Mature, gravid colonies of the hermaphroditic broadcast spawning coral Acropora millepora were collected from reef crests (4 to 6 m) at Orpheus and Pelorus Islands in the central Great Barrier Reef (GBR), five days prior to predicted spawning dates in November 2011 and 2012 (Great Barrier Reef Marine Park Authority permit number G10/33312.1). Reproductive maturity was verified prior to harvesting, as confirmed by the presence of pigmented oocytes in test branches subsampled from mature regions of colonies (Wallace, 1985). Harvested colonies were transported by boat (in covered 70 L plastic bins) to Orpheus Island Research Station (OIRS), where they were transferred to 1,000 L plastic flow-through tanks supplied with 1 µm filtered seawater (FSW) at ambient sea temperature (28°C). Seawater was filtered through commercially-available 10″ poly-spun polypropylene sediment filters held in Aqua-Pro HD1020 housings. Corals were provided with continuous aeration via air stones. At dusk on predicted nights of spawning (approximately 2 h before predicted spawning time), colonies were placed in individual 70 L plastic bins without water flow or aeration. Following gamete release, gamete bundles were immediately skimmed from the water surface with minimal seawater (Fig. 1A) and gently mixed with those from seven other colonies in clean (i.e., pre-bleached) 70 L fertilization tanks filled with 0.5 µm FSW (Fig. 1B). Fertilization was verified when the initial cleavage furrow was observed by microscopy (approximately 1.5 h after fertilization) and embryos were allowed to develop for one additional hour. Embryos were then gently washed via three consecutive transfers (via pre-bleached plastic beakers) into clean 70 L tanks in order to remove excess sperm and minimize polyspermy of yet unfertilized eggs (Fig. 1C). Embryo transfers during washing involved minimal agitation to avoid fragmenting early stage embryos.
Washed embryos were transferred into 420 L larval culture tanks (Fig. 1D) filled with ultra-violet irradiated, 0.5 µm FSW by 4 h after spawning. Water flow and aeration were turned off while embryos developed through fragile multicellular stages to the early gastrula stage. Water flow (1 L per minute, enabling >3 full water exchanges per day) and aeration were turned on approximately 3.5 and 20 h, respectively, after transfer, and larvae were maintained at 28°C under 12 h:12 h light:dark cycles (∼100 pmol photons m−2 s−1). Larval culture tanks were round to minimize stagnant areas and fitted with a central drain. In each tank, the central drain was covered with a plankton mesh filter to prevent loss of embyros and larvae, and connected to an external standpipe to control water level within the tank (Fig. S1A). A circular air stone at the base of each filter provided a curtain of bubbles that prevented embryos and larvae from exiting with the outflow. Embryonic development was monitored microscopically until ciliated, motile planulae had formed (∼48 h post-fertilization).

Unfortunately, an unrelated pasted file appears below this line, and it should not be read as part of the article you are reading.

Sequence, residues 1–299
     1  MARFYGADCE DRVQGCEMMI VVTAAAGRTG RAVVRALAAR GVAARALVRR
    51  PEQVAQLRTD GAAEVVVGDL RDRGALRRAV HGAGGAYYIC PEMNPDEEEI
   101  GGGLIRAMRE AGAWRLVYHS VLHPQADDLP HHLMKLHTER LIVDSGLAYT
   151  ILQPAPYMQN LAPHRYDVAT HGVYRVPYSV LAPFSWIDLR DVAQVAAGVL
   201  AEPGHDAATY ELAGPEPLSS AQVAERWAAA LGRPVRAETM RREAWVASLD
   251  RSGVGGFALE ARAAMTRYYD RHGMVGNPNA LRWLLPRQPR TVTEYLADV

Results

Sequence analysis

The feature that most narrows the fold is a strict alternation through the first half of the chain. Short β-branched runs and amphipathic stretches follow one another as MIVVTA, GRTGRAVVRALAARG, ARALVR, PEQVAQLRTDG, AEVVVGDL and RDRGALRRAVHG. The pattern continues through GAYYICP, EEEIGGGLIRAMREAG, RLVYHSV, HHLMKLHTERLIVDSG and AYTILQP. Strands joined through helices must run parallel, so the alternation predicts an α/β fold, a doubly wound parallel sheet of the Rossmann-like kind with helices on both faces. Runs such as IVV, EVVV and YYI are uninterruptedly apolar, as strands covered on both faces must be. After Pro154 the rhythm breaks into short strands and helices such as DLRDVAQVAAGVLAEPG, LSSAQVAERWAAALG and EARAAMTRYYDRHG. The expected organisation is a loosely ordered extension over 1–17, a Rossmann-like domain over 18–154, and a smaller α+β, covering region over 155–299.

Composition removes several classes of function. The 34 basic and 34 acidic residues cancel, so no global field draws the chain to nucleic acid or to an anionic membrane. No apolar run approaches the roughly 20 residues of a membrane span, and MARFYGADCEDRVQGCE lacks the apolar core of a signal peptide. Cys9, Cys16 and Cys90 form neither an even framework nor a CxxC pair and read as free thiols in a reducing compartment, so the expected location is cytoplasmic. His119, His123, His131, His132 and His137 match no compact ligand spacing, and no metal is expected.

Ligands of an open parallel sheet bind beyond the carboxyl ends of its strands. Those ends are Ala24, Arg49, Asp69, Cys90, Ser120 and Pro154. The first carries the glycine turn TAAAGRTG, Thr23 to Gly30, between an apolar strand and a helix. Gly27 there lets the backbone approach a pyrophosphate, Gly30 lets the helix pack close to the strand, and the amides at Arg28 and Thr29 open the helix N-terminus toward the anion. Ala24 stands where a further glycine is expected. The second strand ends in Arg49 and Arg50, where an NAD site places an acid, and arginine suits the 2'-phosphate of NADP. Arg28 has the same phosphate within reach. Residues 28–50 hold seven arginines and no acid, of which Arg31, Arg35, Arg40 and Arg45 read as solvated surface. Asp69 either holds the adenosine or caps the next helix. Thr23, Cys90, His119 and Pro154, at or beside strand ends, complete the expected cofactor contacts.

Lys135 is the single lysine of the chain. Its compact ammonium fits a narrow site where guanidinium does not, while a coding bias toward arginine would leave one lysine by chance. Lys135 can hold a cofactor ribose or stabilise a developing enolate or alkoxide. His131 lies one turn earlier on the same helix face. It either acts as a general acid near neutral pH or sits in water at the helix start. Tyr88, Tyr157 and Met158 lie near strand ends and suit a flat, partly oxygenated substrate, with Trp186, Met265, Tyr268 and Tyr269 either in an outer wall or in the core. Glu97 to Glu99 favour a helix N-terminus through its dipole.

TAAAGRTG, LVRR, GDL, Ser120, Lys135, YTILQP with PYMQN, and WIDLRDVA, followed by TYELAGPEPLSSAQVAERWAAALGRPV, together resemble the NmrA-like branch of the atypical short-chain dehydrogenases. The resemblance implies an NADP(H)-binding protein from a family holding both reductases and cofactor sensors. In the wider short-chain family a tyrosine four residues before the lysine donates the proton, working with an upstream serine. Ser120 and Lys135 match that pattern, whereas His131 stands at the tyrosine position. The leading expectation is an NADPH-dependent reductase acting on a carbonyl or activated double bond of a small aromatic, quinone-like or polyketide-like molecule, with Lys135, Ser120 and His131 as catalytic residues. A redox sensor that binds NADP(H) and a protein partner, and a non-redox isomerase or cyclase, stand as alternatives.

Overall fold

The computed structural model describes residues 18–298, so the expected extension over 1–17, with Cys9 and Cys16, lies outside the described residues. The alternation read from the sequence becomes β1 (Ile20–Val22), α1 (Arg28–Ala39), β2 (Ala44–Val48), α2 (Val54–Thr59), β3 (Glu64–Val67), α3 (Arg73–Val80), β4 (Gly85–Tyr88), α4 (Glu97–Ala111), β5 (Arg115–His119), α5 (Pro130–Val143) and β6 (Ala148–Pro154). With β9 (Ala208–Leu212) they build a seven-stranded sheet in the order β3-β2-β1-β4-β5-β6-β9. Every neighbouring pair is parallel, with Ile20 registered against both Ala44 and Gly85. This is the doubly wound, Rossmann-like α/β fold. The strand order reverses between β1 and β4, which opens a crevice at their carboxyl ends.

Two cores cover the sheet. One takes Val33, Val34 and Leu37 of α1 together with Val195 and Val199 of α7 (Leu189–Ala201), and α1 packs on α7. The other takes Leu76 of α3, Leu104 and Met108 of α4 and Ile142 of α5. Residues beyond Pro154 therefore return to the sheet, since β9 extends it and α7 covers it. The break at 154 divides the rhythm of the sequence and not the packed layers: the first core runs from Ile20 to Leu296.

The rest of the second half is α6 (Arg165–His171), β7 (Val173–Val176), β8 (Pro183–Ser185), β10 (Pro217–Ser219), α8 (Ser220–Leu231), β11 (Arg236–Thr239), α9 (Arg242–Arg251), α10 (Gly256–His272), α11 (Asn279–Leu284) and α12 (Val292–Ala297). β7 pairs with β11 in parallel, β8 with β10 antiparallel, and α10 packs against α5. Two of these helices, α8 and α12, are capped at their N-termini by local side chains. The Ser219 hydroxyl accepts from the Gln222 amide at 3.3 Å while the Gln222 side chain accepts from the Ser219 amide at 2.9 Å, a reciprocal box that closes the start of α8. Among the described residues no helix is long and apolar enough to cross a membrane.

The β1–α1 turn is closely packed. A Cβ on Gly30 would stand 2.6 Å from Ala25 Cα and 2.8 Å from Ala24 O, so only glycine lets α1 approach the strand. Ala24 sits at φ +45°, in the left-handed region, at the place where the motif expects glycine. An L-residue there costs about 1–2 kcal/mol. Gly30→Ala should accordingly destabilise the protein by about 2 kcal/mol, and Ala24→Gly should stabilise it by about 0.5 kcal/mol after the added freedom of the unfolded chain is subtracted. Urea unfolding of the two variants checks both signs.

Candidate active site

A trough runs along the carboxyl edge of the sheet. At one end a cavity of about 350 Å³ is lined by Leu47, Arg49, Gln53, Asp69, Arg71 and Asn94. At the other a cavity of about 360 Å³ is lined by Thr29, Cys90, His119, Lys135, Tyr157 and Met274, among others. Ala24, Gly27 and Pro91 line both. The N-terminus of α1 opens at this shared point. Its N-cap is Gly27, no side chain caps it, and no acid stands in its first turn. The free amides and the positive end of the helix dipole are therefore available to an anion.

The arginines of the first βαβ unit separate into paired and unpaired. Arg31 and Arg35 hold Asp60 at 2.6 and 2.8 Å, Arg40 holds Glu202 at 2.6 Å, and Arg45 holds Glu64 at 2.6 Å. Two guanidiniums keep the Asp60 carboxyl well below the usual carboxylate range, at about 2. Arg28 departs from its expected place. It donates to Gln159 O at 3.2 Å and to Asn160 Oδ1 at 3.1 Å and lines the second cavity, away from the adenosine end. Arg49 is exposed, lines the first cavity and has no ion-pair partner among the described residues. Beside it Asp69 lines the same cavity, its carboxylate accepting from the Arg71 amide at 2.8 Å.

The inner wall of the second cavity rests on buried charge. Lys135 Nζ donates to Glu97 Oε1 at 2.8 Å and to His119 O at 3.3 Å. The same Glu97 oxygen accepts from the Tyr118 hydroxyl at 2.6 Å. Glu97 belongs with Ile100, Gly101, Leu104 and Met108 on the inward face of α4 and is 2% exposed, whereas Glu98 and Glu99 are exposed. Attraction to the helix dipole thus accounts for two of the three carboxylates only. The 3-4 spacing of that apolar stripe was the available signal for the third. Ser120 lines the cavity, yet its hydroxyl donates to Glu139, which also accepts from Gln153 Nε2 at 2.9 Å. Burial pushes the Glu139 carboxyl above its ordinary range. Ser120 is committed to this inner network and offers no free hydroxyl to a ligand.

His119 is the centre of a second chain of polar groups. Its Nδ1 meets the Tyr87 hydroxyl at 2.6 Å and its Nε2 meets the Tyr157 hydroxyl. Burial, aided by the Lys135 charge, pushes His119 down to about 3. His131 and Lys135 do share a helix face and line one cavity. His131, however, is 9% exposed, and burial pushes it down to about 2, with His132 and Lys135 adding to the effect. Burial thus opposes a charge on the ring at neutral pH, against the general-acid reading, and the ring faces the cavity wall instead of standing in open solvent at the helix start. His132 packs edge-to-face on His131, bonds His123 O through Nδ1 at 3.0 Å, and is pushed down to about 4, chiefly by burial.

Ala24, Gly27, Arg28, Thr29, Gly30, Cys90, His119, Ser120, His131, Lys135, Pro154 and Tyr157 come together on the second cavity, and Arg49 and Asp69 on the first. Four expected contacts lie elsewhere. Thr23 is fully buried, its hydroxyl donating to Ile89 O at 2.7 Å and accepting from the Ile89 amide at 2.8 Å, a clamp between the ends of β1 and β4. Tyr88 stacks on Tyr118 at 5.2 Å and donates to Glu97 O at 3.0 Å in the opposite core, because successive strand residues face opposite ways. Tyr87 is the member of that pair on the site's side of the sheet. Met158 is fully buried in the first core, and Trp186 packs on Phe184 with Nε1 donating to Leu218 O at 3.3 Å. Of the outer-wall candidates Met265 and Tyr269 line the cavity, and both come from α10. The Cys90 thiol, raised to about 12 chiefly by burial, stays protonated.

In the following assays, swimming planulae were used to experimentally determine optimal larval rearing conditions, including larval stocking densities (see Stocking density optimization, Fig. 1D), settlement cues (see Settlement cue optimization, Fig. 1E), and Symbiodinium infections conditions (see Symbiodinium infection optimization, Fig. 1F), as described below.
Stocking density optimization
To determine the optimal larval stocking density to maximize rates of larval survival and settlement, coral larvae were haphazardly partitioned across six 420 L culture tanks, yielding two experimental replicates at each of three stocking densities (1 [“high”], 0.5 [“moderate”] and 0.2 larvae mL−1 [“low”]). Each culture tank was equipped with a flow-through seawater system and aeration, as described above. Larval density was quantified every 24 h for six days. At each time point, culture tanks were stirred with pre-bleached spatulas to evenly distribute coral larvae throughout the water column, and five replicate 150 mL water samples were collected from midwater within each tank. The number of live larvae in each sample was quantified using a Bogorov counting chamber and a dissecting microscope.
Larval settlement success was also compared among the three stocking density treatments. A subsample of larvae from each tank was checked daily for settlement competency. When larvae began searching the substratum for settlement sites (seven days post-spawning), 48 pre-conditioned (three months in the field) and autoclaved (to prevent the introduction of potential pathogens) terracotta settlement tiles (11 ×11 ×1 cm) were added to each tank. Eight settlement tiles were suspended on each of six strings per tank, with 3 cm long plastic spacers separating consecutive tiles (Fig. 1E, Figs. S1B, S1C). Approximately 50 mg of autoclaved crustose coralline algae (CCA) slurry (see Settlement cue optimization) was placed on each tile to induce settlement. Five days after the introduction of settlement tiles and CCA, a census of up to 5-day old recruits was conducted by examining all surfaces of all settlement tiles with a dissecting microscope.